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NM delegation all backed House police reform bill

The three members of New Mexico’s U.S. House delegation voted in favor of the George Floyd Justice in Policing Act on Thursday, which passed with a 236-181 vote.

“While more work must still be done, this legislation takes important steps by increasing accountability, banning dangerous chokeholds and no-knock warrants, requiring body and dashboard cameras, and investigating police misconduct,” U.S. Rep. Ben Ray Luján said in a statement.

In a floor speech before the vote, U.S. Rep. Deb Haaland called the bill “a beacon of hope to victims of the systemic racism that plagues our criminal justice system.”

“This bill envisions a new model of public safety that works to end racial bias, promotes de-escalation training instead of militarization, and is built on community trust, transparency and accountability,” she said.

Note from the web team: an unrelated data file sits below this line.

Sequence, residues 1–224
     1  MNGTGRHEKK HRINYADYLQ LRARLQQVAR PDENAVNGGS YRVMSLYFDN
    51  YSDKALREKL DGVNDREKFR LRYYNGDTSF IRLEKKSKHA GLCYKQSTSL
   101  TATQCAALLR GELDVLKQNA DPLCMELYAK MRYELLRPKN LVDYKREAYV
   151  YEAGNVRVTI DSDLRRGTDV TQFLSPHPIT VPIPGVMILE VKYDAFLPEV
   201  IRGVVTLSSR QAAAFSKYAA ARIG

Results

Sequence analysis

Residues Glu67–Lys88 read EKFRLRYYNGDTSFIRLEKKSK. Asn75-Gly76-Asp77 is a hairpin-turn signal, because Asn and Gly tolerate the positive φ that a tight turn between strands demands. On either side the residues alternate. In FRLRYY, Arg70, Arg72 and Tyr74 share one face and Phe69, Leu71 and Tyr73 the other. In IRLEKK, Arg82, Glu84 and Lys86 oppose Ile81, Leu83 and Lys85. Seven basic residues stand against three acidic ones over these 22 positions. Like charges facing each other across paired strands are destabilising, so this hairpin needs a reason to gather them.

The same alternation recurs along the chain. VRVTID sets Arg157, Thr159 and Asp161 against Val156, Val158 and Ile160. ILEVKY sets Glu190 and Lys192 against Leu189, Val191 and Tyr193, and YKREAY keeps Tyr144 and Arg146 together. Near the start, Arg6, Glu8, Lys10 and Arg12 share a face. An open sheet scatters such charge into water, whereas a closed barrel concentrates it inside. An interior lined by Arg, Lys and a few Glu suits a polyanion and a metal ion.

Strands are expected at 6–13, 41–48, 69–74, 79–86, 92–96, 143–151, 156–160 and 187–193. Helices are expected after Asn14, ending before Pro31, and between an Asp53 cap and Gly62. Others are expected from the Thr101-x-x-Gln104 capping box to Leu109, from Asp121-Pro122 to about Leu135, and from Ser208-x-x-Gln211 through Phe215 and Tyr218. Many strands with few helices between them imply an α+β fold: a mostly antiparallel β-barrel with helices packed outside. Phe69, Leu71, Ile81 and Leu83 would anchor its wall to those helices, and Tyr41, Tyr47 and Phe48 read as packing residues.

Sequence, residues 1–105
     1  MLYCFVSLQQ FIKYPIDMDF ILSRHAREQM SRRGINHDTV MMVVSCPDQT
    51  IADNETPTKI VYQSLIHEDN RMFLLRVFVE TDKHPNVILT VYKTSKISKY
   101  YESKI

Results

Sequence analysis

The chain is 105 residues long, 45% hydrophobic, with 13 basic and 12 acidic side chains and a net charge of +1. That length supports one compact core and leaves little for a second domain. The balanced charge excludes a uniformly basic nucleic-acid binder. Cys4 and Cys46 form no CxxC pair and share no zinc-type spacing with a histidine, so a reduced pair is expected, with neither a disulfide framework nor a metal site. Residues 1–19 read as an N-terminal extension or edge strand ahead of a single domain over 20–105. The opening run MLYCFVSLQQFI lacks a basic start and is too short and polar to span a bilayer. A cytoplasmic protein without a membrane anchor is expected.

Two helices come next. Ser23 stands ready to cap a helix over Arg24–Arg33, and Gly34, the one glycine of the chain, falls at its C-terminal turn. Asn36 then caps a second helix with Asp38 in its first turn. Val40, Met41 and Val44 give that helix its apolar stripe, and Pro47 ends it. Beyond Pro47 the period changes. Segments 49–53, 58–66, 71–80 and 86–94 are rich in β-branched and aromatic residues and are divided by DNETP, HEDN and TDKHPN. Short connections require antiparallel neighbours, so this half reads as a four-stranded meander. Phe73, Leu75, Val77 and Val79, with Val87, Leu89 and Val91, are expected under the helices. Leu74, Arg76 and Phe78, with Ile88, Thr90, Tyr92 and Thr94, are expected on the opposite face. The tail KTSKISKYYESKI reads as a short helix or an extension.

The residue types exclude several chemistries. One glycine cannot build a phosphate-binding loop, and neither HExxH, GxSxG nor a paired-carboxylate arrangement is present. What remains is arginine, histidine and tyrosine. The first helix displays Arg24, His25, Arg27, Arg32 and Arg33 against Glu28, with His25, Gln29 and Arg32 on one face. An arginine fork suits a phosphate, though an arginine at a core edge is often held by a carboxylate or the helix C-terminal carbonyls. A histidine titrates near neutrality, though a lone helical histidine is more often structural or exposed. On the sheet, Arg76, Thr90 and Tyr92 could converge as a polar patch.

U.S. Rep. Xochitl Torres Small said the legislation “raises the bar on accountability.”

“Congress took an important step towards addressing systemic racism by establishing the accountability measures communities across the country need,” she said in a statement.

But Torres Small wanted to make it clear that she did not support defunding police.

“The fight for real reform does not end with this vote, and that includes making sure rural law enforcement has a seat at the table,” she said.

Luján called on Senate Majority Leader Mitch McConnell, R-Ky., to put the House bill on the floor in that chamber for a vote.

It is the companion bill to the one introduced by California Sen. Kamala Harris and New Jersey Sen. Cory Booker, which is co-sponsored by New Mexico Democratic Sens. Martin Heinrich and Tom Udall. It will likely face opposition from the Republican majority.

Heinrich and Udall voted to block a Republican police reform bill on Wednesday, which contained similar measures to parts of the House bill.

But the House bill modifies qualified immunity that would make it easier to bring lawsuits against officers in cases of misconduct and would make it easier for cases of misconduct to be prosecuted. The Republican Senate bill did not.

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